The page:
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Trust machine shop and buy new heads or hold out for a second opinion??

Discussion in '6.9L IH & 7.3L IDI Diesels' started by Grant Cdebaca, Nov 19, 2020.

  1. Grant Cdebaca

    Grant Cdebaca Registered User

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    Hi everyone. First post. 1990 e350 non turbo started chuffing, occasionally ticking/knocking, eating oil, comp test showed 400-450 all around except for #1, which was 200. Still had good power with no smoke, but the idle was rough and the chuff/tick was getting worse. Rockers, pushrods, lifters all looked to be without any flaw, so i took the heads off and brought em to a place called Cylinder Head Exchange in Sylmar, Ca.

    They got back to me in a couple hours saying that both heads were cracked on the intake seats of #5 and #6 and that there was nothing they could do. Said that i should find new heads elsewhere. Went back to pick them up and although they marked the two cracks, i cant see anything. I cant see anything at all on #6 and can barely make out an almost microscopic line about 1/8" on the seat of #5.

    Im unsure where to go from here because both of those cylinders had good compression, and the shop didnt provide any info beyond those cracks. The shop seemed professional, but maybe it was the wrong place for a strip/advise and i should get a second opinion? Or should i just bite the bullet and buy some rebuilt heads?

    Also, if surface cracks can be so invisible on the heads, id assume it would be the same for the block. Any tips for inspecting the block mating surface. I still havent cleaned either side since removing the heads.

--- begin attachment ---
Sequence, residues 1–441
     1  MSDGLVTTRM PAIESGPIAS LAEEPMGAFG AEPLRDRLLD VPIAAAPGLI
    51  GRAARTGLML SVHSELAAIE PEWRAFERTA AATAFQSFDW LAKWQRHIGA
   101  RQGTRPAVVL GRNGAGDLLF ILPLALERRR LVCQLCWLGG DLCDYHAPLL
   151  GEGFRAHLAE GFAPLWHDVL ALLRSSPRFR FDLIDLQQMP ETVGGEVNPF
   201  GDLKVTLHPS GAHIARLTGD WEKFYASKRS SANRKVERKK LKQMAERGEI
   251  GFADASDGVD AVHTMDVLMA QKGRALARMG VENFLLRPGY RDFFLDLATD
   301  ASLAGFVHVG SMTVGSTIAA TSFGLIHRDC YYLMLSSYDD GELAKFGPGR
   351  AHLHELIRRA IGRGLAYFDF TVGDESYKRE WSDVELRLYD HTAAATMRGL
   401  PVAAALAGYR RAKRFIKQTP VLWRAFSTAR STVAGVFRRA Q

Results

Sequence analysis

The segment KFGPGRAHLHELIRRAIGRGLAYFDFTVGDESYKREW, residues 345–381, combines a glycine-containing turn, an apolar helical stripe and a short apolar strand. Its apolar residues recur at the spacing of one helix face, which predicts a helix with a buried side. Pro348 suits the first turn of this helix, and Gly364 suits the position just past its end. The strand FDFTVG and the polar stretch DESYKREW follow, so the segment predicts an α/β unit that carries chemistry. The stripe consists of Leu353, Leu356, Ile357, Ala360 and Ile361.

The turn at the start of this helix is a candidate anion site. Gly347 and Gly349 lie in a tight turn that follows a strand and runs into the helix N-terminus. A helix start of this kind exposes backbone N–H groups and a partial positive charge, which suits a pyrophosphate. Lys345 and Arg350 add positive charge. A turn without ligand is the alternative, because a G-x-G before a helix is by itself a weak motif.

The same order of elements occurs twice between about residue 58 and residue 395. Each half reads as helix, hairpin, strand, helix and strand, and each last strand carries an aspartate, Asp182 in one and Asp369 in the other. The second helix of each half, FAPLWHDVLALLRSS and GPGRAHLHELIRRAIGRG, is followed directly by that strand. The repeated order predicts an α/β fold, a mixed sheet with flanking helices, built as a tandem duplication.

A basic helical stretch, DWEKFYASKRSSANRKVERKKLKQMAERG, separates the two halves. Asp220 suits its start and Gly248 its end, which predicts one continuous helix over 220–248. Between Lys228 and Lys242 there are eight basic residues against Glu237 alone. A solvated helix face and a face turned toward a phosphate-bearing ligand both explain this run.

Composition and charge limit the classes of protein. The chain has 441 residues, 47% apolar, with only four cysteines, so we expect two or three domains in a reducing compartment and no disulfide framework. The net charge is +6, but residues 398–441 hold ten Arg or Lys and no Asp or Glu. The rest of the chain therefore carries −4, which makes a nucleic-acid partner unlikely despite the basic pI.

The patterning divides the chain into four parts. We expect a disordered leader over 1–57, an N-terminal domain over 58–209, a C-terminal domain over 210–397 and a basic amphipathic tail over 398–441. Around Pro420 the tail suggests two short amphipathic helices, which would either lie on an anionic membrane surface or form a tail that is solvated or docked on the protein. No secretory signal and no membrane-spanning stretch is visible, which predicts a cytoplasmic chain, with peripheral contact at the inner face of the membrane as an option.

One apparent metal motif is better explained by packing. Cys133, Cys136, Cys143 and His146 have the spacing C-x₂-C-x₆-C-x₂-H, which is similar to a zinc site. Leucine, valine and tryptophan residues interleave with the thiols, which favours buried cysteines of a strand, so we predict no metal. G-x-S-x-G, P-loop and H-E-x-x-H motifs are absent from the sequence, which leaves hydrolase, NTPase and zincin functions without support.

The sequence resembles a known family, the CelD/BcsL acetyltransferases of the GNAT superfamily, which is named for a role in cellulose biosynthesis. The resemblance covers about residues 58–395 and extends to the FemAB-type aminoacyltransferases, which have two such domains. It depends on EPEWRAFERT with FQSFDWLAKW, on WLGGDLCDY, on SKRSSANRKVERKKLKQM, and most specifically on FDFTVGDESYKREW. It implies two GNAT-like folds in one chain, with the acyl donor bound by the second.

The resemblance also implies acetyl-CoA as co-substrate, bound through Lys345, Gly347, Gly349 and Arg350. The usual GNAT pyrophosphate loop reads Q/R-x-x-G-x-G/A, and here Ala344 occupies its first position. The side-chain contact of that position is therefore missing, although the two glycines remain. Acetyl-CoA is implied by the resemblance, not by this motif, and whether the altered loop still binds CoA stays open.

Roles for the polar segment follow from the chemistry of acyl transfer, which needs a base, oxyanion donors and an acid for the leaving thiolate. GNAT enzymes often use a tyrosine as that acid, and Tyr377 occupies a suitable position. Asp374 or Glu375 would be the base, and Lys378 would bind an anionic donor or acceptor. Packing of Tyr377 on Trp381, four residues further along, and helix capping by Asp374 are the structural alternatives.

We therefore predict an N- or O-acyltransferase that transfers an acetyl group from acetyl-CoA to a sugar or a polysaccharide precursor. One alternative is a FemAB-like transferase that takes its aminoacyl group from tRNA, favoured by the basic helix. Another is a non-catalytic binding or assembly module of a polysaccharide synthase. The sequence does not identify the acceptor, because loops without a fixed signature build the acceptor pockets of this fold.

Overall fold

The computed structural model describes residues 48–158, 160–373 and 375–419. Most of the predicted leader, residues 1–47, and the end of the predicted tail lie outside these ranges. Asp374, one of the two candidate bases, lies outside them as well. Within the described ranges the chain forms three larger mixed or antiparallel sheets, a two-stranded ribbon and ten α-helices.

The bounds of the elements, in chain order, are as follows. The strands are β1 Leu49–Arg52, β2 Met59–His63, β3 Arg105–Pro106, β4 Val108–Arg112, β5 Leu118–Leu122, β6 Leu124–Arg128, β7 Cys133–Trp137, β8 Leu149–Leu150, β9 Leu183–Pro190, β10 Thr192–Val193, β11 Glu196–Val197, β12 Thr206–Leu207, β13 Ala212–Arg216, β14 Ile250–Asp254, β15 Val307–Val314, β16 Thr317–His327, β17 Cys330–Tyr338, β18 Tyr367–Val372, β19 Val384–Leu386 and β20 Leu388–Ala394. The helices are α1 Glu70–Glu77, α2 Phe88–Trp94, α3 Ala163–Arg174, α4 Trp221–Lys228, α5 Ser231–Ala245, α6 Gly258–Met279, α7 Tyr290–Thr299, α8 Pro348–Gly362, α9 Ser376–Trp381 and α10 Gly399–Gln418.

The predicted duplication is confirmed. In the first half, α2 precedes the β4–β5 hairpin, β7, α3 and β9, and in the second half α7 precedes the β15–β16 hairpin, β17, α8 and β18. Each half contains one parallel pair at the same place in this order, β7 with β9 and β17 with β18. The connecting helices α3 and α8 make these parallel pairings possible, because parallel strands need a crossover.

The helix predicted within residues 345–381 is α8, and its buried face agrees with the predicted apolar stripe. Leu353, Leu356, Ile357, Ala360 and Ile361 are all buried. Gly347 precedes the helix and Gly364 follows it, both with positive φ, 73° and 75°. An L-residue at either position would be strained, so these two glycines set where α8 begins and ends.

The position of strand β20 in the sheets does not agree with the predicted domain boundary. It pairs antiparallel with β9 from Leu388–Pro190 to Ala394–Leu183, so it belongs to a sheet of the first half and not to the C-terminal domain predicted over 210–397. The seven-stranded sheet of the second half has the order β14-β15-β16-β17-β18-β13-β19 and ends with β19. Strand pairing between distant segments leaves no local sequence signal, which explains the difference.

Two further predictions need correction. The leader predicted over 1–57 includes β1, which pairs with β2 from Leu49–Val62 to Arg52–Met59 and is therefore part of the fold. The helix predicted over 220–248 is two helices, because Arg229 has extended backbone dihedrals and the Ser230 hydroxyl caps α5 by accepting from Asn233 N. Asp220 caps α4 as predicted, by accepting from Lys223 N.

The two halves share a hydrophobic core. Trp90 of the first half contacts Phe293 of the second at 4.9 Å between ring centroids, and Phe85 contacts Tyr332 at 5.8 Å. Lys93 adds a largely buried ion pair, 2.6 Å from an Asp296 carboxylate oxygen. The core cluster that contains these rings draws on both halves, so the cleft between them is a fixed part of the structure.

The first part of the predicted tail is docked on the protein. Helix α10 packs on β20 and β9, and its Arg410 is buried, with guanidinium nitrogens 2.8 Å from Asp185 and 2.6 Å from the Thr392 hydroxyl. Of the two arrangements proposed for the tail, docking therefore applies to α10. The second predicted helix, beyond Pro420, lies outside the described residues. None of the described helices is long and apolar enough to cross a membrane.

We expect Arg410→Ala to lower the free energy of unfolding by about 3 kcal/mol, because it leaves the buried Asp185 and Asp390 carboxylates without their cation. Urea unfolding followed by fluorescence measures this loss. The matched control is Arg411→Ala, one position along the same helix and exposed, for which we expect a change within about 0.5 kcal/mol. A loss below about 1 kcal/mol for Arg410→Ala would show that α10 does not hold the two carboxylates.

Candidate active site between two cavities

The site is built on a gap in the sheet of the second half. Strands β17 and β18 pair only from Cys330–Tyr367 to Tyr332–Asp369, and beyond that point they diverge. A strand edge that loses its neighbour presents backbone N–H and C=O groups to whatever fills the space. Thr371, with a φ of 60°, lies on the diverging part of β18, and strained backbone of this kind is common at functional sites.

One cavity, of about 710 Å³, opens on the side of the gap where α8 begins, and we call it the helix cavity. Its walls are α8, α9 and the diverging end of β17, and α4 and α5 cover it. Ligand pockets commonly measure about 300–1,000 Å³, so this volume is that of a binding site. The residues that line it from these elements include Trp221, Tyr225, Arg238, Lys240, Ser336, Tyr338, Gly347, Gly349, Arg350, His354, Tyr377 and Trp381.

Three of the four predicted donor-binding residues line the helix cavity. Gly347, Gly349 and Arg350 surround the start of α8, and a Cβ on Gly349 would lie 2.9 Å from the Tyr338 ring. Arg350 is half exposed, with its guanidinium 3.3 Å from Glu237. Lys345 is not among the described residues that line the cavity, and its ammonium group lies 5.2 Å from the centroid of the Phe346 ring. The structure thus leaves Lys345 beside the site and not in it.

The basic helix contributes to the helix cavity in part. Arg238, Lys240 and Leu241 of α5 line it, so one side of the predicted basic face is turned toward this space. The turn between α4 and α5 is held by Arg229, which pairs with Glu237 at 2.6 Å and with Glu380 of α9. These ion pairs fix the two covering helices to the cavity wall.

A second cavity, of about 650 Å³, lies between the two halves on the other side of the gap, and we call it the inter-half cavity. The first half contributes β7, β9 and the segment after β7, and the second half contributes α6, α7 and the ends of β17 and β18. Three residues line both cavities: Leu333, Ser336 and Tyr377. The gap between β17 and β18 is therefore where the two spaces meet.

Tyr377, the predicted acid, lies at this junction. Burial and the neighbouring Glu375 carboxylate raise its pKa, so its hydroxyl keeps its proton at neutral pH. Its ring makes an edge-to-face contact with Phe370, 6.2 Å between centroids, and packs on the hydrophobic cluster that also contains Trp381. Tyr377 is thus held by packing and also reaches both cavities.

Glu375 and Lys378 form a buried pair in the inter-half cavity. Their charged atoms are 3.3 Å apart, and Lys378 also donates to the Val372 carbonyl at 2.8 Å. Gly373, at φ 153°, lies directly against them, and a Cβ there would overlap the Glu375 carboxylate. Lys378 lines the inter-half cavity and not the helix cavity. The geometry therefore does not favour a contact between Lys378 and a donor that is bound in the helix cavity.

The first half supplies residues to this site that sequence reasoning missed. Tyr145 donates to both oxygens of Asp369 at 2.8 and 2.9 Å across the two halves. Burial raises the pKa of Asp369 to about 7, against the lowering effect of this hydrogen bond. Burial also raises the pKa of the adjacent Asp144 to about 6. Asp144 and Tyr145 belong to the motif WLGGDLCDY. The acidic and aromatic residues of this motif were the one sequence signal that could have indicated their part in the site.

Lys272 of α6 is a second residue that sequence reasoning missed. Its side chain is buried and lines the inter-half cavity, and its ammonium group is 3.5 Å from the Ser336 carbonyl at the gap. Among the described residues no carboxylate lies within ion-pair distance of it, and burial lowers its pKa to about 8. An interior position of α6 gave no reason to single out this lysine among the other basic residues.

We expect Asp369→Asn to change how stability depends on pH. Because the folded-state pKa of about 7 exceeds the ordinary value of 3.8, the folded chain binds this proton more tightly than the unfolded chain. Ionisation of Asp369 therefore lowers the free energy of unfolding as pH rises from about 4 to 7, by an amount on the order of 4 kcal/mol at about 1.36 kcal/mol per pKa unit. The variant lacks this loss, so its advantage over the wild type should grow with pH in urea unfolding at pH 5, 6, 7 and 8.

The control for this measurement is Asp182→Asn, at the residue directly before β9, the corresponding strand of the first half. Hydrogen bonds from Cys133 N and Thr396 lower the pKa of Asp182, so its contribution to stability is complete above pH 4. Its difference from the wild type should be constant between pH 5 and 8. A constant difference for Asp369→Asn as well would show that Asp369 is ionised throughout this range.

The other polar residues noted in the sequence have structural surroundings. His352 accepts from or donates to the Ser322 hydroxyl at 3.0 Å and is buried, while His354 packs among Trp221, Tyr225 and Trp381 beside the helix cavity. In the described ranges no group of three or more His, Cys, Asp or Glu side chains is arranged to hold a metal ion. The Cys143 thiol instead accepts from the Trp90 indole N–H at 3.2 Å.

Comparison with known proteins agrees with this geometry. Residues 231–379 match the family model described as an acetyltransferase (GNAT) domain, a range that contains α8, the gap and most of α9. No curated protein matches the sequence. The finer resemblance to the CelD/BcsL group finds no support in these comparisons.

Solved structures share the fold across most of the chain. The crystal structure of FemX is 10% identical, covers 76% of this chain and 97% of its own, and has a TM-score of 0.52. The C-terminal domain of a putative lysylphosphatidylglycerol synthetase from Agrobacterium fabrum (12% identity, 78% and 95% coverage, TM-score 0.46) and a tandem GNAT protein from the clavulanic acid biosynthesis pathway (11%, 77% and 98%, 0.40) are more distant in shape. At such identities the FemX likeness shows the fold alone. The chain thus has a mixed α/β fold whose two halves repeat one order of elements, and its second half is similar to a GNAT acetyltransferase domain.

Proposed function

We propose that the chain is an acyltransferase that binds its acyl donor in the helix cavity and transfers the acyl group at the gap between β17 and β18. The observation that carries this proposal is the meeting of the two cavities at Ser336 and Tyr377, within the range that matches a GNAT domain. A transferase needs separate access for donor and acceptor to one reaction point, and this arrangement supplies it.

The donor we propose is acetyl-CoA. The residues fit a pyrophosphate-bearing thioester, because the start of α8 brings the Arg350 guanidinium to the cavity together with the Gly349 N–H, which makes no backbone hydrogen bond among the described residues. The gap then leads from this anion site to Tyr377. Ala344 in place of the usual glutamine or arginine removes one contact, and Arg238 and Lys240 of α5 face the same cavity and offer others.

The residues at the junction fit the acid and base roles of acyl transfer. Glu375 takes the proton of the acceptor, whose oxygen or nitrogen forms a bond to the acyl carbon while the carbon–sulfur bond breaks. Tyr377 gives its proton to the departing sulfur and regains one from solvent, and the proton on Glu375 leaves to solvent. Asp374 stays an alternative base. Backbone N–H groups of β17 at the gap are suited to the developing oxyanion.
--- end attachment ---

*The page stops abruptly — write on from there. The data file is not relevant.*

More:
2. Philip1

    Philip1 Supporting Member Supporting Member

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    The microscopic hairline crack would put your head out of commission. They are often repairable (depending on how bad it is) although not all machine shops will be willing to do these repairs. To check the block, the best way is to use crack detecting dye (https://www.amazon.com/dp/B00XLW4BRC/ref=cm_sw_r_cp_apa_fabc_RBXTFbFV46BV7) or magnetic detection (https://www.amazon.com/dp/B077QR2GRG/ref=cm_sw_r_cp_apa_fabc_eDXTFb83VM0QP). If those are a no go and you cannot take the block to the machine shop for inspection a good flashlight and a good eye would be the best option.
     
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  3. Koch13351

    Koch13351 Full Access Member

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    I see you are in Southern California, as am I. I recently had a set of 6.9 heads completely done up by Southwest Engines in San Bernardino, and they are second to none in my opinion on their attention to detail on the specs and making sure the process is done right. Look them up and give them a call.
     
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  4. homelessduck

    homelessduck Full Access Member

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    The machine shop I use takes me in the back and re-mags my heads if they are cracked so they can show me exactly where they cracked..
     
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  5. Booyah45828

    Booyah45828 Full Access Member

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    If #1 was your dead hole, how's the cylinder/piston/rings look for #1. What did the valve, seats, and guides look like on that cylinder? The compression is going somewhere, if you can't find the loss in the head or gasket, then it's got to be in the bottom end.
     
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  6. Grant Cdebaca

    Grant Cdebaca Registered User